When the Zika virus spread across South America in 2015 and 2016, the most immediate concern was for its link to microcephaly in infants born to mothers infected by the virus during pregnancy. But microcephaly, a condition where babies are born with smaller heads than expected, only occurs in a small number of cases—around four percent.
“Microcephaly was just showing up because there was a lot of Zika,” says Karin Nielsen-Saines, professor of clinical pediatrics division of infectious diseases at the David Geffen School of Medicine at the University of California, Los Angeles. “There were clusters because a lot of people were infected.”
Nearly a third of infants whose mothers were infected with Zika while pregnant, though, experience developmental problems and other delays, even without microcephaly, according to a new study published in the journal Nature Medicine. “If you look at mild developmental delays, it was a much larger group,” says Nielsen-Saines, an author on the paper. “It was surprising to us that it was so high.”
Nielsen-Saines, along with colleagues in Brazil, has been tracking a group of fetuses, now infants and toddlers, who were born to women with Zika. Following the babies from before birth allowed the team to get a clear sense of how frequent various effects of the virus were, she says.
Looking outside microcephaly is key for a robust understanding of Zika, says Elizabeth Stringer, an associate professor in the division of maternal fetal medicine at the University of North Carolina who was not involved in this study. “It’s really important to look at all neurodevelopmental outcomes,” she says. “It’s one more piece of the puzzle.” Stringer is looking into similar questions in Zika-affected babies in Nicaragua.
The current study screened 216 infants in that group when they were between seven and 32 months old. Two-thirds of the infants were tested with the Bayley Scales of Infant and Toddler Development, an intensive look at multiple facets of development, and the remaining (whose parents declined the longer evaluations) were tested with the simpler Hammersmith Infant Neurological Examination. Of the infants, 31.5 percent scored below average, and the effects were concentrated in language development.
By the time the study was submitted for publication, three of the infants had developed autism. Now, Nielsen-Saines says, there are five children in the group with autism. “It’s a higher rate than you see in the general population,” she says. It also shows that Zika is similar to other diseases that affect infants before birth, many of which, like rubella, increase chances of autism, she says.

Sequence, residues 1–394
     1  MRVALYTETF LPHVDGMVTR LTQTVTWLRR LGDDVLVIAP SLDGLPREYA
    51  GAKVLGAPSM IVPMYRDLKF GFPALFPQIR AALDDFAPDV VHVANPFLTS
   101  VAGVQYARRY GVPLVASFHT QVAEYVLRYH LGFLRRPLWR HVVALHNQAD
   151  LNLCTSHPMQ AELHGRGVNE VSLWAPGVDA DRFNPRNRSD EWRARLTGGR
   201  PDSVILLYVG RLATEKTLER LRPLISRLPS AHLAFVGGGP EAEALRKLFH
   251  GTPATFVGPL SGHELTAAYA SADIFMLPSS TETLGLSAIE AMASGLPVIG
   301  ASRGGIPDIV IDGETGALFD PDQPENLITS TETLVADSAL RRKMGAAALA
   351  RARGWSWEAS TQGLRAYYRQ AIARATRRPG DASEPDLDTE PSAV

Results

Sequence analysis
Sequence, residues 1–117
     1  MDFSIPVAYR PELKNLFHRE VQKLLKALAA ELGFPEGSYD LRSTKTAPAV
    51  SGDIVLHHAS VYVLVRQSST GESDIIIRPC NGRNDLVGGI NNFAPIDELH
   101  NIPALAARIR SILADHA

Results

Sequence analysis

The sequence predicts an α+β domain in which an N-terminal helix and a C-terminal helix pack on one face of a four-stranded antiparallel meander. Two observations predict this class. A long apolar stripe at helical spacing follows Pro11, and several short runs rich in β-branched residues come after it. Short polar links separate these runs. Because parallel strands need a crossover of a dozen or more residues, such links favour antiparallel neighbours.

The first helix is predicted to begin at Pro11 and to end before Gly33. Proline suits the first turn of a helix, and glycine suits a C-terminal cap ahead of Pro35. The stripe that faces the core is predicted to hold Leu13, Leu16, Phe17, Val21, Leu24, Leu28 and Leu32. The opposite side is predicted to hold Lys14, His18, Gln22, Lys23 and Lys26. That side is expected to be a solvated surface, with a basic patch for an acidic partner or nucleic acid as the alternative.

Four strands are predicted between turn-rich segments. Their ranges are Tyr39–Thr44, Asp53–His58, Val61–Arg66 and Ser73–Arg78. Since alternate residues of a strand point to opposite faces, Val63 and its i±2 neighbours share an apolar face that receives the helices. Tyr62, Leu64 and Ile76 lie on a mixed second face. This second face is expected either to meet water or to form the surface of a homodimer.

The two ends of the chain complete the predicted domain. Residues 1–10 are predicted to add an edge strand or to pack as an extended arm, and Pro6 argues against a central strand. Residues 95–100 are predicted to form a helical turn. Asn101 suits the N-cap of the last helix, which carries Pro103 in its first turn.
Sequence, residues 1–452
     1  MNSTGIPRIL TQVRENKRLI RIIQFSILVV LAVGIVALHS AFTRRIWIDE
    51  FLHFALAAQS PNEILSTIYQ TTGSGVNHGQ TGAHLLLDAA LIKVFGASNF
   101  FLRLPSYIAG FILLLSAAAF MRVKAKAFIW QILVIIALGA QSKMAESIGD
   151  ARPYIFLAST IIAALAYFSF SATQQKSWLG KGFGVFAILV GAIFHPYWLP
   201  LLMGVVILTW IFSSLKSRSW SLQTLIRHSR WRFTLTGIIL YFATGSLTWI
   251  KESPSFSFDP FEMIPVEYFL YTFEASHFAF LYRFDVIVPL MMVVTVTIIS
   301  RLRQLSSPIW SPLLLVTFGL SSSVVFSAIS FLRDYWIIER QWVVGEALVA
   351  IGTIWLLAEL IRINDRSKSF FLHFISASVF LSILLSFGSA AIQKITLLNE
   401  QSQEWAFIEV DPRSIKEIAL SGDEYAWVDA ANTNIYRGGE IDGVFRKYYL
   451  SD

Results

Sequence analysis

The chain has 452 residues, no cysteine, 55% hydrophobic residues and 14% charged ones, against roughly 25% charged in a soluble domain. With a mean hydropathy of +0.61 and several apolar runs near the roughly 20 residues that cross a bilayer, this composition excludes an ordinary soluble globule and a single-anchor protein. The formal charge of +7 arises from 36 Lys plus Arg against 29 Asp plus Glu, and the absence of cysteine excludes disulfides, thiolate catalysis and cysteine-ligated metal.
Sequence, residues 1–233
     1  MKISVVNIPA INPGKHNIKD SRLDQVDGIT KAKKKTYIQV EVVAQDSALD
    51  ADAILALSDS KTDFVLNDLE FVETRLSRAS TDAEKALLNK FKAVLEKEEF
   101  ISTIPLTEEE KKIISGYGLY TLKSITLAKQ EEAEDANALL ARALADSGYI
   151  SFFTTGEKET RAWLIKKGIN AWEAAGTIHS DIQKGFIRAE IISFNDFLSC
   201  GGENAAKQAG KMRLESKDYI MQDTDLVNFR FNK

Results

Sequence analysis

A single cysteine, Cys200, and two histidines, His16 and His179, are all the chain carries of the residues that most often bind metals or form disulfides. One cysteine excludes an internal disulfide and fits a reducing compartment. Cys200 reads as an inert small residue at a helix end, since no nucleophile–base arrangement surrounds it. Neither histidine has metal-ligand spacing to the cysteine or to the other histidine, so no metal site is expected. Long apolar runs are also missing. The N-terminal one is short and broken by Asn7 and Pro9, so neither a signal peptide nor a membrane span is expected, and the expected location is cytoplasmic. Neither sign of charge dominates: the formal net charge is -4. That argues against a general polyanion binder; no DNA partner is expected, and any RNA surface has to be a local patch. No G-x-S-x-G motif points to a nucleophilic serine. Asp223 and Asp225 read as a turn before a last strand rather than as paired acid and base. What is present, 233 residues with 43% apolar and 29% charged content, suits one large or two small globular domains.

Eight infants in the group had microcephaly—two were born with normally sized heads and developed the condition later on, known as secondary microcephaly. Interestingly, Nielsen-Saines noted, two of the infants who were born with microcephaly saw it resolve later on, and are now developmentally normal. “We think of it as very devastating, but this was the exception to the rule,” she says.
While the study provides a picture of the broad effects of Zika, Stringer noted that it did not compare the infants’ scores on neurodevelopmental tests to non-Zika affected babies who also lived in the area under similar conditions. “We don’t really know how non-Zika exposed children would perform,” she says. “Do kids in this environment just, for example, have more language delays?”
However, identifying developmental delays in children exposed to the Zika virus in utero is still important, Stringer says. “It’s good to diagnose that earlier so we can intervene.”
And early interventions are possible, Nielsen-Saines says. “We don’t want to give a doomsday message. While one-third showed a problem, two-thirds did not,” she says. “With early stimulation programs, physical therapy, and so on, we can do something before there is permanent damage.”
Continued research into Zika and its effects can benefit those babies by pinpointing areas those interventions should target. While Zika is not at the epidemic levels it was in 2015 and 2016, it’s still circulating around the world, Nielsen-Saines says—and could re-emerge at any point. Understanding all of its effects help clinicians support patients who may be exposed. “If we continue to understand more, and we have a person who tests positive, and they ask about the chances of their baby having problems, we can say it’s about a third,” she says. “And we have a basis for that.”